[Byron Society home page] [Other works by Danny] [Event]

The Budgie

by Danny "Don Juan" Henrey

Once upon a lav. seat dreary, while I pondered, weak and weary,
Over many an old and heinous transgression of Byronic law —
While I nodded, nearly napping, suddenly there came a tapping
As of some one gently rapping, rapping at my privy door —
‘’Tis some visitor,’ I muttered, ‘tapping at my throne room door —
      Only this and nothing more.’

Ah, distinctly I remember it was in the bleak December —
Or perhaps ’twas mid-September, for my long johns lay ’pon the floor.
Eagerly I wished the morrow; — vainly had I sought to borrow
Some lonely solace in my sorrow — sorrow for my rhymes of yore,
For the dark and prickly satires, mildewed and rotten to the core,
      With which the Byronists I bore.

And the silken, sad, sinister cowl of my fav’rite purple towel
Thrilled me — filled me with fantastic terrors never felt before;
So that now, to still the beating of my heart, I sat repeating
Lines of mine that spoke in bleating of ovine crimes upon the moor,
Lines of mine the mind unseating, whilst tapping at my privy door
      Raps there came a dozen more.

Presently my soul grew stronger; on my throne I crouched no longer:
‘Whate’er thou art,’ I quoth, arising, ‘your pity I implore;
But the fact is I was napping, and so gently you came rapping,
That my courage you’re quite sapping, tapping at my closet door,
So I know not quite what’s happ’ning.’
Here I opened wide the door:—
      Blackness there and nothing more.

Back into the chamber turning, all my soul within me burning,
Soon again I heard a tapping, somewhat louder than before:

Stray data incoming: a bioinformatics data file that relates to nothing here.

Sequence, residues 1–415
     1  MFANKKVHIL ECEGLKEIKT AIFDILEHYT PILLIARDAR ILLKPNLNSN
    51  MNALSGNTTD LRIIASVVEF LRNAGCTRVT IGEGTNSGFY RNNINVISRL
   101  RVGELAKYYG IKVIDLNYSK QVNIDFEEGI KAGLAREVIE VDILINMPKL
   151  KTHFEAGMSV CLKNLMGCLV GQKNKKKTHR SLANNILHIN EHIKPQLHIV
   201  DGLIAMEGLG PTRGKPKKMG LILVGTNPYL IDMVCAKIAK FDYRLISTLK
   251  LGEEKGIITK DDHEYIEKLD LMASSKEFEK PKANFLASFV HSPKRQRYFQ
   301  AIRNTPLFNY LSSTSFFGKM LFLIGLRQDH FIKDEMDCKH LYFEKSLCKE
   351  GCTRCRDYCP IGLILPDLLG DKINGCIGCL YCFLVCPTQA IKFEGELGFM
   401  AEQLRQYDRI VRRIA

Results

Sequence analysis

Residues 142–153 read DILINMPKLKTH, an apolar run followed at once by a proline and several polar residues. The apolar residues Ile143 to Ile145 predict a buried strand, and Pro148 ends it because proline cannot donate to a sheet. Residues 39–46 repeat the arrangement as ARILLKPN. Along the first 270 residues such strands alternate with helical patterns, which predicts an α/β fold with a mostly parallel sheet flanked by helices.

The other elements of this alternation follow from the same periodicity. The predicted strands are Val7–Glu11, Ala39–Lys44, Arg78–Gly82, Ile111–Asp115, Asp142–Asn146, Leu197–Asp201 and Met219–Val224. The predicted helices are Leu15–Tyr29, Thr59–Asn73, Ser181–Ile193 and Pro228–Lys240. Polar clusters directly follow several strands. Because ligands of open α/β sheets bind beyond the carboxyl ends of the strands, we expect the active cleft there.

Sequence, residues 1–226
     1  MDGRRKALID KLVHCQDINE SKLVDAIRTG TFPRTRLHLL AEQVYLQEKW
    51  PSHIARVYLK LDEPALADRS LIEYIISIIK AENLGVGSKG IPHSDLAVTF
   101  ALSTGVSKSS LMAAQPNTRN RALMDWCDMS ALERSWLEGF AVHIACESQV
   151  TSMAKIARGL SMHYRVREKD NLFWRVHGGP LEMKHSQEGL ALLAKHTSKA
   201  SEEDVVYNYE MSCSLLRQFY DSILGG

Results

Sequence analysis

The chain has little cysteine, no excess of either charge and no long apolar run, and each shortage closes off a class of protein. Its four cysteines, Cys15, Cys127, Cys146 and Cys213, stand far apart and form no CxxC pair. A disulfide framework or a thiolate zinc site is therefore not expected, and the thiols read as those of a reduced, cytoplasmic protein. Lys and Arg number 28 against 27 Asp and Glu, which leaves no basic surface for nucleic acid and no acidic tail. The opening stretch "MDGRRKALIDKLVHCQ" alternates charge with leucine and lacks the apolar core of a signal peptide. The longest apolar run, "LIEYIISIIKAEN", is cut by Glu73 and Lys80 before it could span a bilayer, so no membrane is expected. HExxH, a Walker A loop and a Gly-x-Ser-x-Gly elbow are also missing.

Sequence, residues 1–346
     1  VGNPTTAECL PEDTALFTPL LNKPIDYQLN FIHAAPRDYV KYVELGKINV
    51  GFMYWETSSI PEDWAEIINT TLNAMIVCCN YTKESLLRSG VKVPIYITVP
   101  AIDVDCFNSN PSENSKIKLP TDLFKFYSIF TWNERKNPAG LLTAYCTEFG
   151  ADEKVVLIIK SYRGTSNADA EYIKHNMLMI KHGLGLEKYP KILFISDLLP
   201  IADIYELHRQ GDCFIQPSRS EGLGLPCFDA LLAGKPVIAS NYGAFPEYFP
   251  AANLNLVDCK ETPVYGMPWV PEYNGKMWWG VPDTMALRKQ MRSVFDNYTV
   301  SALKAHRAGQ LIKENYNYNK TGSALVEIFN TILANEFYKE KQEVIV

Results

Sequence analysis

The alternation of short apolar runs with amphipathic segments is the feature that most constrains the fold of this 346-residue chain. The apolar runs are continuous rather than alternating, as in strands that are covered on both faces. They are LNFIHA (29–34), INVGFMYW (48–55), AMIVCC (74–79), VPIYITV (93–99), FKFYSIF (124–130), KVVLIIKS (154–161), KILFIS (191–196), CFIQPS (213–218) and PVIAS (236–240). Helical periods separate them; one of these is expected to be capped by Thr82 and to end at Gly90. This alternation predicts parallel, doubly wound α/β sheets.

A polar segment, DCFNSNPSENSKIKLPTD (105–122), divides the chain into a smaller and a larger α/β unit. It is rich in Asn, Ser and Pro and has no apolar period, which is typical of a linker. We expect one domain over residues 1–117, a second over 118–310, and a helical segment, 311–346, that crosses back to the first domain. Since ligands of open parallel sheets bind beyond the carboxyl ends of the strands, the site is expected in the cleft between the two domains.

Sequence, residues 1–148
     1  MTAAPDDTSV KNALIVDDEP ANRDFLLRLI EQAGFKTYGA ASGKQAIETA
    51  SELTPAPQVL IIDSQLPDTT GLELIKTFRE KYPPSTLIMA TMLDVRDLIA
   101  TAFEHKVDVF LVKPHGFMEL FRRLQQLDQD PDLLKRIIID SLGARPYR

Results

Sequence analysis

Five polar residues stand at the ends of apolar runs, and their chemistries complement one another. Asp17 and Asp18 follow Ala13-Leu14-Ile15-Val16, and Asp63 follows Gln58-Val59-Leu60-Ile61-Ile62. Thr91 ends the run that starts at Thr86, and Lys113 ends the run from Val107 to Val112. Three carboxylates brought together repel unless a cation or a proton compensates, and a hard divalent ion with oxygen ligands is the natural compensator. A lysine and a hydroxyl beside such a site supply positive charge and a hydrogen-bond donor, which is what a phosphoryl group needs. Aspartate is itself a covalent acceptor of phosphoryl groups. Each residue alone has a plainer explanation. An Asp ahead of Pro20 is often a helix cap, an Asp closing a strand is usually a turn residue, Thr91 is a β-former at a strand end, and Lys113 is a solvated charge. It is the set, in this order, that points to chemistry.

Th’infernal din in me rankled, so with my bags about my ankles
The chamber keys did I jingle, and from its hinges the portal tore,
That I might snare at last the loveless thing that tapped upon my door,
      With meddlesome furore.

The gate upon the flagstones stuck, and, with many a squawk and cluck
In there stepped a paunchy Budgie, wearing a frilly pinafore.
Its eye was yellow, feathers too, and ’pon my visage glowered down,
With frightful leer and scornful frown: ‘What will you here, small herbivore?’
I cried: yet perched he just on Quinton’s bust above my privy door —
      Perched, and sat, and nothing more.

And in my soul there grew a sense of monstrous fault and vile offence,
Against the Byron Soc., who in my verse I slandered to a flaw,
Even though my taunts deserving, like Steve, whose ghastly lines unnerving
Flow into untold reams unswerving, enough to clog all Afric’s shore;
So that I asked the Budg’rigar, ‘And shall I never rhyme the more?’
      Chirped the Budgie, ‘Nevermore.’

‘No more of Chris’s windy writing, more soporific than exciting,
Wherein his misfits classical raise but a sneer and grudging snore;
Might I in purple ink dismiss, nor ne’er again might take amiss
Charlotte S, the scholar-miss, whose lines a kind of semaphore
Of obscure learning are?’ I cried — from forth the Budgie’s beaky maw
      Heard I nought but, ‘Nevermore.’

The Budgie fixed me with its eye, so that I felt with fatal sigh,
I would with fearsome shudder die; quoth I, ‘such poetry I’ll pen no more;
To jibe at Jenny’s welded verse, or Piers’ financial instruments terse,
Or Dee’s French fancies will I curse;’ and, more than this, I then forswore
To leave unharmed the dark Manhattan lines that Karen does adore —
      Clucked the Budgie, ‘Nevermore.’

Thus I pondered, weak and weary, still upon that midnight dreary,
How my harsh words and contumely now burned into my bosom’s core;
As I pondered, sadly sobbing, at my claret softly lapping,
On my shoulder gently crapping, crapping from my privy door,
High above me perched the Budgie, and yet his song this burden bore —
      Quoth the Budgie, ‘Nevermore.’